Building a base in the elementary and middle school levels has paid dividends, said Reid-Smith at the state’s Division of Culture and History, a major champion of the program. High school bands throughout the state participate in a marching band competition and the caliber of play and performance has increased over the years.

“It is so vital that our administrators and legislators are aware of the important benefits of music and the arts to students’ development,” said Reid-Smith. “There is no better way to build pride among local communities than to have bands perform at local parades or festivals. Bands used to perform to unengaged crowds at football games, but now they get as enthusiastic applause as the players.”

The key is to go beyond throwing money at the problem and find dedicated teachers who can help create future audiences for the arts. “The solution is not to just put a free instrument in a child’s hands, it is offering broad-based support to connect the dots so that kids stay busy and committed to their communities,” he said. “Those kids who are not involved with athletics or the arts have too much time on their hands and they often end up getting in trouble.”

Barboursville, WV school orchestra (c) David Akers

Even Feindler, based in New York City, who served as a judge for the statewide marching band competition last fall, has noticed a new energy created by improving music education. “Statewide, this has been such a transforming thing,” she said. “We get emails from schools that heard about the program and ask ‘when can we get things rolling?’ Of all the things talked about in the community, music education was generally not the first topic raised at the dinner table, but now parents, teachers, students, government officials, and the private sector really value it.”

Barbara Green, who taught music at the Harman School in Harman, West Virginia, received one of the first grants and recalled her early struggles. “When I was hired, there were barely any instruments to use and I struggled to get a music program going,” she said. In addition to being burdened by a lack of instruments, only 10 out of 200 children at the K-12 school participated in the band and the local board of education threatened to cut her position to half time. When the VH1 Save the Music Foundation sent a letter to the school board stating that the school would be ineligible for the grant, they reinstated Green’s full-time position and she built a program that served 50 enthusiastic band students.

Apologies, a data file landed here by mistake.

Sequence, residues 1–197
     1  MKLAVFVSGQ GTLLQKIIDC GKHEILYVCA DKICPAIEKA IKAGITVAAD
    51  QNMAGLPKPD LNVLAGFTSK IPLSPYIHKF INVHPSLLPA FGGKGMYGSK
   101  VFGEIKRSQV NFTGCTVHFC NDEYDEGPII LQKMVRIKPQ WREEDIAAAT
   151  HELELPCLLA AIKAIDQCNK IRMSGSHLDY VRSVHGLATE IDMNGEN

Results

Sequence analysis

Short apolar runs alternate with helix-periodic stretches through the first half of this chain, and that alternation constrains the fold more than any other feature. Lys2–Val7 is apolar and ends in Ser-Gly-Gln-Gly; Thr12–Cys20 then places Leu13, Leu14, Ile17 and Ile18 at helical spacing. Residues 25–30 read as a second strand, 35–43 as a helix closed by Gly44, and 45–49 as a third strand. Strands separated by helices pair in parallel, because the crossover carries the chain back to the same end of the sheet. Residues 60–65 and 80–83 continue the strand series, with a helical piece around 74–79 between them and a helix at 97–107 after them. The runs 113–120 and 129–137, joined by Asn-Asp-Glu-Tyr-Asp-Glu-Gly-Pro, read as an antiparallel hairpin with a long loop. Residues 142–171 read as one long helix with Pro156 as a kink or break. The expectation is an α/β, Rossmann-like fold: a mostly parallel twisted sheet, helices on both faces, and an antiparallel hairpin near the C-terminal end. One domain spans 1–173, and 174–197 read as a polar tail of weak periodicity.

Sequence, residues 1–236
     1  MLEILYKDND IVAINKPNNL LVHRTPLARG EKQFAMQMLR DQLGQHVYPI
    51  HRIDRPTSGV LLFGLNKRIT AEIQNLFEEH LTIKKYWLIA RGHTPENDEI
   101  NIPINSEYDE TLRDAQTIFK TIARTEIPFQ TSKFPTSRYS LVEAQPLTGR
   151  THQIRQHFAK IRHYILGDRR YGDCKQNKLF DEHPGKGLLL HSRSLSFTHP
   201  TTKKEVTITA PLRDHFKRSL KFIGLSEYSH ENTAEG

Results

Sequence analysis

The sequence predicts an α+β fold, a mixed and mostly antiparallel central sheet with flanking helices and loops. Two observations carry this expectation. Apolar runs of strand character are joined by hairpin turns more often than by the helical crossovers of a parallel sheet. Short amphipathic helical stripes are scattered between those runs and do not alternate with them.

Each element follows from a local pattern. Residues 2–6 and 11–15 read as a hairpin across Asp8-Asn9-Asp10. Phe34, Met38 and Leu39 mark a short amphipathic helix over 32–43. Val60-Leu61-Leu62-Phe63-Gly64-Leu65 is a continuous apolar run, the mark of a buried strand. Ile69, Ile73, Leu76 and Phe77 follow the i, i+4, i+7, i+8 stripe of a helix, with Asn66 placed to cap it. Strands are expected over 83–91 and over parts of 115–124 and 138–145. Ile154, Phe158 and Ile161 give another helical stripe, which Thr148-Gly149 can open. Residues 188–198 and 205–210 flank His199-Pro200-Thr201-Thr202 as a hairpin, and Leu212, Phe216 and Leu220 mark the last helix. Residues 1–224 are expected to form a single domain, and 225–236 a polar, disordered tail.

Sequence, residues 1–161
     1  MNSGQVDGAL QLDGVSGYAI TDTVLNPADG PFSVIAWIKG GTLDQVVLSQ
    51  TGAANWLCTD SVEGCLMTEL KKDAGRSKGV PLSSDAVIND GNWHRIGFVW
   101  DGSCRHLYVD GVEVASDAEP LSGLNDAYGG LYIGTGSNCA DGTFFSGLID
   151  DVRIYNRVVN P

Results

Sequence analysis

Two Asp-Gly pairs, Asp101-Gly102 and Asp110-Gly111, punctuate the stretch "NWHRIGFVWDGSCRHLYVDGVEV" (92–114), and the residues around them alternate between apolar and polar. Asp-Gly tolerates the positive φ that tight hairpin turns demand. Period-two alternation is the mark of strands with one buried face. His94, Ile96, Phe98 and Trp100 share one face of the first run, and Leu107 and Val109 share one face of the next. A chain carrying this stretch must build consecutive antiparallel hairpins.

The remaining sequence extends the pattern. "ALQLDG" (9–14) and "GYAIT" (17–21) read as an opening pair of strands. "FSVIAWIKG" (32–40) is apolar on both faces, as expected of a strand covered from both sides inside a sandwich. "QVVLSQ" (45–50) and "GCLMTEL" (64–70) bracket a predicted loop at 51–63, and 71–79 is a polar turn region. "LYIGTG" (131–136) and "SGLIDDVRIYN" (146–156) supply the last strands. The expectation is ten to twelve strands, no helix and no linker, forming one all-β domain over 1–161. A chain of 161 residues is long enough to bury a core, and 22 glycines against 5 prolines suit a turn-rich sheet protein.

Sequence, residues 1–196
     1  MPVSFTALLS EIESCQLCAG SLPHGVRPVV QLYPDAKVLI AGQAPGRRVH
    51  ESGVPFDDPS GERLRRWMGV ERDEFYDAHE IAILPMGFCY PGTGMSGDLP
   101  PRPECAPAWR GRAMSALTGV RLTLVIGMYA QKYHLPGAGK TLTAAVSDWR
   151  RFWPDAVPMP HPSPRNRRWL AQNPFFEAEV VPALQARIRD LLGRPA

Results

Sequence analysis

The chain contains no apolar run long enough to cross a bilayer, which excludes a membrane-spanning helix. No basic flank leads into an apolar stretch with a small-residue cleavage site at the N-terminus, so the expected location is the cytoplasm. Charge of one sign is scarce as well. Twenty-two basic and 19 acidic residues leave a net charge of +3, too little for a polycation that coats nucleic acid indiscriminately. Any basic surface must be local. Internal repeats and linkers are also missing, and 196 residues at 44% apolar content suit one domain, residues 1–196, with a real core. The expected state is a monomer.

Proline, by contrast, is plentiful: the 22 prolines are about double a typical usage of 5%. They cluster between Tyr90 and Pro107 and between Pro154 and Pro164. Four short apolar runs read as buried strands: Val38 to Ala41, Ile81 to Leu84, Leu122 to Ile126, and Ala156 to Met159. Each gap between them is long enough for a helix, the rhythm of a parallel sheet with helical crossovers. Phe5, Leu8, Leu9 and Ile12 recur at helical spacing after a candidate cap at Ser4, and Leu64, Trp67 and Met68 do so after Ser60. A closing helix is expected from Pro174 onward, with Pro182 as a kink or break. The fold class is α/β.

At George Washington Middle School in Eleanor, a remote section of the state near the Ohio border that enrolls around 300 students, Leslie Baker took over the music program in 2013. Band membership is up 50 percent now that she received a grant to replace old and worn instruments with eight flutes, eleven clarinets, three alto saxophones, six trumpets, four trombones, a glockenspiel with stand and mallets, a bass drum with stand and mallets, and a snare drum with a stand.

“Morale and dedication to the band program is at an all-time high right now, which has increased their abilities,” said Baker. “The kids are interested in playing harder music and I am happy to give it to them! Parents, administrators, and the community are very vocal about the improvements they’ve seen in the band program. This has been a wonderful blessing.”

She has taken the opportunity to expand the band’s performance schedule and improve the musical life of the community. They play at every home football game, at a Veteran’s Day event sponsored by a local pharmacy and at winter and spring concerts. Trios and quartets also perform at nursing homes and the local shopping center.

One of the grant’s main benefits has been to provide quality instruments to low-income students. “Lack of money should never keep a child from playing in band,” said Baker. “Having the ability to reach out to more kids and include all who are interested in participating meant the world to me. I have already seen increased retention in band at both the middle and high school levels and increased interest and dedication to the program that has come with that growth.”

Branchland, WV (c) Rob W. Davidson

Green and Baker’s experience prove that the program can be successful even in remote rural locations. With the full support of local and state officials, the initiative has galvanized a large cross section of constituents. United States Senator Joe Manchin and his wife, Gayle, have reached out to individuals, businesses, and non-profit organizations to contribute. Governor Earl Ray Tomblin and First Lady Joanne Jaeger Tomblin have also worked hard to implement the program and revitalize music education in the state.

“Music and arts education is so much more than learning notes and marching bands,” said Mrs. Tomblin. “It is about the growth and development of our students. [It is] that part of you that brings [the] heart and soul to life.”